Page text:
Central Valley
Central Valley
From the Open-Publishing Calendar
From the Open-Publishing Newswire
Indybay Feature
Trump administration sues State Water Board over 'failure' to comply with CEQA
by Dan Bacher
Thursday Mar 28th, 2019 11:09 PM
“The Trump administration is suing California for trying to restore water flows for salmon in the Bay Delta and San Joaquin under California's law,” said Regina Chichizola of Save California’s Salmon in a Facebook post. “This is a direct threat to state's rights and threatens similar processes in the Sacramento, Shasta, Eel and Russian Rivers.”
The Trump administration today filed a lawsuit against the State Water Resources Control Board for “failure” to comply with the California Environmental Quality Act (CEQA) for its approval of increased flows for salmon, steelhead and other species on the San Joaquin River.

Fishing and environmental groups called the litigation a “frivolous attempt” to divert more water and “destroy salmon industry jobs and families.”

The Department of Justice and the U.S. Department of the Interior (DOI) filed its civil actions against the State Water Board in both federal and state court.

On December 12 of last year, the Board approved and adopted amendments to the Water Quality Control Plan for the San Francisco Bay/Sacramento–San Joaquin Delta Estuary and the related Substitute Environmental Document (SED) that would increase flows needed for imperiled salmon, steelhead and other fish species in the San Joaquin River and its tributaries, as required under state law.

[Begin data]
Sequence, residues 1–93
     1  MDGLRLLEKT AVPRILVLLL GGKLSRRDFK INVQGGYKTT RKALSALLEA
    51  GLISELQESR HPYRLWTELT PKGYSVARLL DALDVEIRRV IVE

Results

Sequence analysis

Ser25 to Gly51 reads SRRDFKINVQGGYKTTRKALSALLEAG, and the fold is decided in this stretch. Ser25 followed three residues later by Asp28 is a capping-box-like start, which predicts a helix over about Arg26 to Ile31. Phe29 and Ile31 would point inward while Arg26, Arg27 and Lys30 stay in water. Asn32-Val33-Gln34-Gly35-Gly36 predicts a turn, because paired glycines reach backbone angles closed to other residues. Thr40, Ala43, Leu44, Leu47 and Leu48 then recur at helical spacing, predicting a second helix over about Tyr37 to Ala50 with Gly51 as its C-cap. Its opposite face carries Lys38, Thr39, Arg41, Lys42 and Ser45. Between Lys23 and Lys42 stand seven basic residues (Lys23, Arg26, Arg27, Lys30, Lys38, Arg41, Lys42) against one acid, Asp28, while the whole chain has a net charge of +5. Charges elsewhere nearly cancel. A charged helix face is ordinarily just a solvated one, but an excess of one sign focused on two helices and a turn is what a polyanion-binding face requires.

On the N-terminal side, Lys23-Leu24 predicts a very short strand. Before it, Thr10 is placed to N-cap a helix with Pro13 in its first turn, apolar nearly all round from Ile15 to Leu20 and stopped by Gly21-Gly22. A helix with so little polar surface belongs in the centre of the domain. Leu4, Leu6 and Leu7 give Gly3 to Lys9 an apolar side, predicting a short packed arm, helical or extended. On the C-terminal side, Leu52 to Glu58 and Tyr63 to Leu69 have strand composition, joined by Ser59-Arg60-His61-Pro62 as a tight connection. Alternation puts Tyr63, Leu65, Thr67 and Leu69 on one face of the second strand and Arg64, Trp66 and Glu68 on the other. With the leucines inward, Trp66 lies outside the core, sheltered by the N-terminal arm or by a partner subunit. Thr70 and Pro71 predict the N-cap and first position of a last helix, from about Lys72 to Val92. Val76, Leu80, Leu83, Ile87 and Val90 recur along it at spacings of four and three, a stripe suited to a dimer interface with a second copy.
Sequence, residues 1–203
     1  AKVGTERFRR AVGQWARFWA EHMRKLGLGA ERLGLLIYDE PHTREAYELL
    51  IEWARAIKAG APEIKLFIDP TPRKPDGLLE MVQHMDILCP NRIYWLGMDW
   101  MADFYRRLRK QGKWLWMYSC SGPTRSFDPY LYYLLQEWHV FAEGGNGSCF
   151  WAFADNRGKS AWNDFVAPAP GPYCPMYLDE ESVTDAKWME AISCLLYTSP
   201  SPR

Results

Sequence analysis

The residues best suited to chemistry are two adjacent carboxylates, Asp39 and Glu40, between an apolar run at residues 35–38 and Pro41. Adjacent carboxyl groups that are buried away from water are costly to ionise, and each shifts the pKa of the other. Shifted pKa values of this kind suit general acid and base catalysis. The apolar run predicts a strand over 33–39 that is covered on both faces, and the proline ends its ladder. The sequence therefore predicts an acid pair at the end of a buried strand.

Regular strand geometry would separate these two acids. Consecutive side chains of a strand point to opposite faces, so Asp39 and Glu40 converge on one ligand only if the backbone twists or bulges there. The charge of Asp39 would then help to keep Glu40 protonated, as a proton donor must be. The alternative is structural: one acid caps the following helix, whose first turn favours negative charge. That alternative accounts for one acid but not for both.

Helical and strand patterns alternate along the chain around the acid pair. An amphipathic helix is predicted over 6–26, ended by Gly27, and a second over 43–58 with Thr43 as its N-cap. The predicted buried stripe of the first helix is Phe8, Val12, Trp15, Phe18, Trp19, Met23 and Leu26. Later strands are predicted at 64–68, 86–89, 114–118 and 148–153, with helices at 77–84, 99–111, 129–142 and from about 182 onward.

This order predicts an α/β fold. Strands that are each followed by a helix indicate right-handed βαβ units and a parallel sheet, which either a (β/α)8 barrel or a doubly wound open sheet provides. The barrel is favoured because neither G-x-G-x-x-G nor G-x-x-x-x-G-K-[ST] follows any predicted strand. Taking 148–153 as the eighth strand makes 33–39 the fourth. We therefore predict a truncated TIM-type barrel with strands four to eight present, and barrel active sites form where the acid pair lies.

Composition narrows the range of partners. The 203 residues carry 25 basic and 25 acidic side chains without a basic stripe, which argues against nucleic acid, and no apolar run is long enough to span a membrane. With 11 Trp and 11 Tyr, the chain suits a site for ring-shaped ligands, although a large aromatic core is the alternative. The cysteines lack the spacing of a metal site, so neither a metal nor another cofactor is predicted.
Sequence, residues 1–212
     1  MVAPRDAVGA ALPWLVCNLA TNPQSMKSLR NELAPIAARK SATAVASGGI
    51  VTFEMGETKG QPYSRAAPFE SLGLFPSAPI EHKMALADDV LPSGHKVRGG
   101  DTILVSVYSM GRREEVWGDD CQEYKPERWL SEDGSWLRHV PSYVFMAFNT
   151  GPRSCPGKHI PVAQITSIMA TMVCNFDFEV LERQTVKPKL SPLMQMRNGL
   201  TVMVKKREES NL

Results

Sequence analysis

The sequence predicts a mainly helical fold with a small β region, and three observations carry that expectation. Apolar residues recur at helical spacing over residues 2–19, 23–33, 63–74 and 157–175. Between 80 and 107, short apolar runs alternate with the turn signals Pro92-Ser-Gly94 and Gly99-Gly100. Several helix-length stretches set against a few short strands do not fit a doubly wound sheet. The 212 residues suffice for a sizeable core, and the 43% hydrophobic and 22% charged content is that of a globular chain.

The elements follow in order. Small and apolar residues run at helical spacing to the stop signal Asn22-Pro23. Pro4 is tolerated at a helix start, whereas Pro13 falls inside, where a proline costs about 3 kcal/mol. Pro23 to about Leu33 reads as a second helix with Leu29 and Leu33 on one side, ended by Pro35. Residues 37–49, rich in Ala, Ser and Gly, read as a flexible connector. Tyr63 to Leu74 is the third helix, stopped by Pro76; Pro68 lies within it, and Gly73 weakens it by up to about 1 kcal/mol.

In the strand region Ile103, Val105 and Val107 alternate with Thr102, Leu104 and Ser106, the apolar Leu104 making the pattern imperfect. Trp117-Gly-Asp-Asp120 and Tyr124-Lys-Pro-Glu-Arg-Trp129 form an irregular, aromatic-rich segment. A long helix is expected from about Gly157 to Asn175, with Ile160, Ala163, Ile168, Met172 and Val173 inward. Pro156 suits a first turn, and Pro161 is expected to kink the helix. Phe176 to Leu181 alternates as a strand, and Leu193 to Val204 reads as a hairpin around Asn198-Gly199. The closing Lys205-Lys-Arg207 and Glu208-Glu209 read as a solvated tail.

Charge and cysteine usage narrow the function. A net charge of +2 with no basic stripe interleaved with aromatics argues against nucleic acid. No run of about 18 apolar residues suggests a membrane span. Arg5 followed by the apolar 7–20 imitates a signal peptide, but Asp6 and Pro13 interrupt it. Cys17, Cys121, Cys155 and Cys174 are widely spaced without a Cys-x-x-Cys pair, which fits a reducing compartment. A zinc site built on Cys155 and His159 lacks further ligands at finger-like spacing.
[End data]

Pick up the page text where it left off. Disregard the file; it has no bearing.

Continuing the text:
The amendments set a 40% flow standard for three tributaries that flow into the lower San Joaquin River — the Stanislaus, Tuolumne and Merced rivers - and a revision of the salinity standard for the South Delta. Some environmental groups backed the flow standard, while many environmental and fishing groups had pushed for the adoption of a 60 percent flow standard, based on the science. A State Water Board report published in 2010 found that restoring native salmon and steelhead would require 60 percent of the San Joaquin River’s unimpaired flow.

The board also voted to "create a space" for a proposal regarding voluntary agreements outlined in the meeting by Department of Water Resources Director Karla Nemeth and Department of Fish and Wildlife Director Charlton H. Bonham. That proposal was promoted by San Joaquin Valley agribusiness interests and water agencies.

However, the Trump administration claims that the amended plan adopted by the board “fails to comply with CEQA and, once implemented, will impair DOI’s ability to operate the New Melones Dam consistent with Congressional directives for the project.”